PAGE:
Saturday, October 7, 2006

The Pequot Insider Trading Investigation Fades Away

Allegations that senior management in the SEC's Enforcement Division quashed an insider trading investigation largely came to naught as the Commission decided not to file any civil insider trading charges in the case.  Former SEC staff attorney Gary Aguirre alleged to the Senate Judiciary Committee that after he sought to take the deposition of Morgan Stanley CEO John Mack in connection with an investigation of possible insider trading at a hedge fund run by Pequot Capital Management, upper-level managers in Enforcement refused to permit the testimony and then fired him two days after giving him an outstanding performance appraisal (see earlier post here and Aguirre's statement to the Judiciary Committee here).  With the glare of publicity, the SEC relented and authorized taking testimony from Mack, who was thought to be a potential source of the information about an impending transaction.  As expected, the renewed investigation had little effect on the final outcome as Pequot received notice from the Enforcement Division that it will not recommend the filing of charges against the firm or any individuals.  Consistent with SEC practice, the staff maintained that the investigation remains open -- essentially on the off chance that manna from heaven in the form of a confession from some unknown participant emerges.  The circumstances surrounding Aguirre's dismissal remain under investigation, but it's unlikely that anything further will come out about the case. An AP article (here) discusses Pequot's disclosure that the SEC investigation into its trading is complete. (ph)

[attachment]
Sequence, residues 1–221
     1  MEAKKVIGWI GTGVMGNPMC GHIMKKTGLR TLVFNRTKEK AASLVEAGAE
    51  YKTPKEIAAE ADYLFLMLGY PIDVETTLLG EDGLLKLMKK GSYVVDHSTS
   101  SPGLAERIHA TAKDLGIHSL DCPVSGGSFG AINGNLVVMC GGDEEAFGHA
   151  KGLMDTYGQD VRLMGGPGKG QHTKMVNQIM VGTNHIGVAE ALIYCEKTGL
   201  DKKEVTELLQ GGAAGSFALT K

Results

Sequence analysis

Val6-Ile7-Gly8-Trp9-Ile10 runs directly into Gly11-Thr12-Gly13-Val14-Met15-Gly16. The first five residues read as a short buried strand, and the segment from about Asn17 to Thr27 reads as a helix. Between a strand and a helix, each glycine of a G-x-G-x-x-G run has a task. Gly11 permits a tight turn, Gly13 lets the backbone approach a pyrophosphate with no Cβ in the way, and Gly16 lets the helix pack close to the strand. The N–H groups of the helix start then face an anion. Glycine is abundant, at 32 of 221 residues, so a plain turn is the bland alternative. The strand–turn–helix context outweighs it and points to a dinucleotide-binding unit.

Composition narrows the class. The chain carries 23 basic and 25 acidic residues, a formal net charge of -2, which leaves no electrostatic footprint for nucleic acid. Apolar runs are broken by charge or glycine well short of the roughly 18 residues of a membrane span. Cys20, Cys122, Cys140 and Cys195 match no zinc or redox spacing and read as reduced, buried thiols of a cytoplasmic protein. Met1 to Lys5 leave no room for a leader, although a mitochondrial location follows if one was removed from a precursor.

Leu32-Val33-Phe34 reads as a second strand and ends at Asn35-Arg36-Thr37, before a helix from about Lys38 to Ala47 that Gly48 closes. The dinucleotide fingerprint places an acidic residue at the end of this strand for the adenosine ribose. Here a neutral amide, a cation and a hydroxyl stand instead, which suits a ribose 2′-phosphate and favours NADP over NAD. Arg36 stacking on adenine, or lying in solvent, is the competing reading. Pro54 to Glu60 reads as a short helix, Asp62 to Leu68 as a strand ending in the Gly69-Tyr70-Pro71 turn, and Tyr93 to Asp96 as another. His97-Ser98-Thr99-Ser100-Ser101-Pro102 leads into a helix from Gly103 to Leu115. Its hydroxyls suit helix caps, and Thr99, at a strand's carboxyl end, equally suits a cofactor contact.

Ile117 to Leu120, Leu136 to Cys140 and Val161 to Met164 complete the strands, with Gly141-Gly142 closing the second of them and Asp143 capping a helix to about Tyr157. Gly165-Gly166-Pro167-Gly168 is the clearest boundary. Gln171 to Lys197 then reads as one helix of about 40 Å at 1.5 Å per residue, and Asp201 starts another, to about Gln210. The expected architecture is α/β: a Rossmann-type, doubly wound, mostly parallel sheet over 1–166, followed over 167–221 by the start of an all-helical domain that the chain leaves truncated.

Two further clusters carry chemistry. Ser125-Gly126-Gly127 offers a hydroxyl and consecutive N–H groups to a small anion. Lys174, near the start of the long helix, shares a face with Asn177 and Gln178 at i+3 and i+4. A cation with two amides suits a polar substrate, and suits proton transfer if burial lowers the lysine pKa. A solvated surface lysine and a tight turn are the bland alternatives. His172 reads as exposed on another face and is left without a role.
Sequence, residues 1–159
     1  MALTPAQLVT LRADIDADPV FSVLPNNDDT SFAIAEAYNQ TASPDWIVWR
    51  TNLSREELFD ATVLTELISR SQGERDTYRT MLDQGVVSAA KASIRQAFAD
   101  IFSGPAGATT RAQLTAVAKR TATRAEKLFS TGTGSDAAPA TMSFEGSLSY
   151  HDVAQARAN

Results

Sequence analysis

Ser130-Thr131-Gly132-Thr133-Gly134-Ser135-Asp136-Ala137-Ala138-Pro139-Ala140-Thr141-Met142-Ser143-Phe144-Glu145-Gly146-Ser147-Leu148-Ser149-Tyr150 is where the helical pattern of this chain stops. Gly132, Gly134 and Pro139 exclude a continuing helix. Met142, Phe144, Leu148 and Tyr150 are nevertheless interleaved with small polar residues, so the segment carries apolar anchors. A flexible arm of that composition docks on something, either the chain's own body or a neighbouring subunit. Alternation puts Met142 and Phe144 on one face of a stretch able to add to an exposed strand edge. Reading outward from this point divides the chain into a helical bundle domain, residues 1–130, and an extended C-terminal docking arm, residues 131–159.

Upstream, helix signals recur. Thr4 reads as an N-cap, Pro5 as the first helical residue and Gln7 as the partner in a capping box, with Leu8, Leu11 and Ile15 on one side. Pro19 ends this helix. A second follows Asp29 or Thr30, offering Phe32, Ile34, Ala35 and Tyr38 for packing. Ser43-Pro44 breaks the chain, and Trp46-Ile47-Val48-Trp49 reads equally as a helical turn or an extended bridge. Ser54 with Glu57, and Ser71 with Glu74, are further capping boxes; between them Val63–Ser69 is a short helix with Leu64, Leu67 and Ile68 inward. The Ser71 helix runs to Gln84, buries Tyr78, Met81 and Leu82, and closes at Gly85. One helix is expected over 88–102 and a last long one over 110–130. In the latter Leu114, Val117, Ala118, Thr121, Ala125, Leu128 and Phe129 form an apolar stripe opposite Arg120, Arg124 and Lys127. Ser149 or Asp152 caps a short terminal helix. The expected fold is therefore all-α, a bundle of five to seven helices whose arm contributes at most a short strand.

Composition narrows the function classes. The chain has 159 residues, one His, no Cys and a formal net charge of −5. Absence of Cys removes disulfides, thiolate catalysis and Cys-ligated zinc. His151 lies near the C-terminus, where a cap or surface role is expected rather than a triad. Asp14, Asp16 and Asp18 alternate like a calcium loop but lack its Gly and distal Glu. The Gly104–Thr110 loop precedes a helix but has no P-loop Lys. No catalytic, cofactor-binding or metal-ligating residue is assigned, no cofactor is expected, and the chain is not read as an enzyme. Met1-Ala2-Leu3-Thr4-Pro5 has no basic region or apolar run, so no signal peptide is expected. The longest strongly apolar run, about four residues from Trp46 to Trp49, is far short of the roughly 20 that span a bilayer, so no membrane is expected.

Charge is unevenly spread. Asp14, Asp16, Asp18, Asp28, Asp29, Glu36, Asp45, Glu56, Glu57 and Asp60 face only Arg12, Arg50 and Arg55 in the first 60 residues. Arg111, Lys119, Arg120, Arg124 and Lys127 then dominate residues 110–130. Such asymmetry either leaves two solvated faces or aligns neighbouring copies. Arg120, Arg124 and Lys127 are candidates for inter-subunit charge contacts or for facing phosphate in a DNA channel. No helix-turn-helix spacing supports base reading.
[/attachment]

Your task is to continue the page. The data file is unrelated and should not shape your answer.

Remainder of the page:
Insider Trading, Investigations, Securities | Permalink

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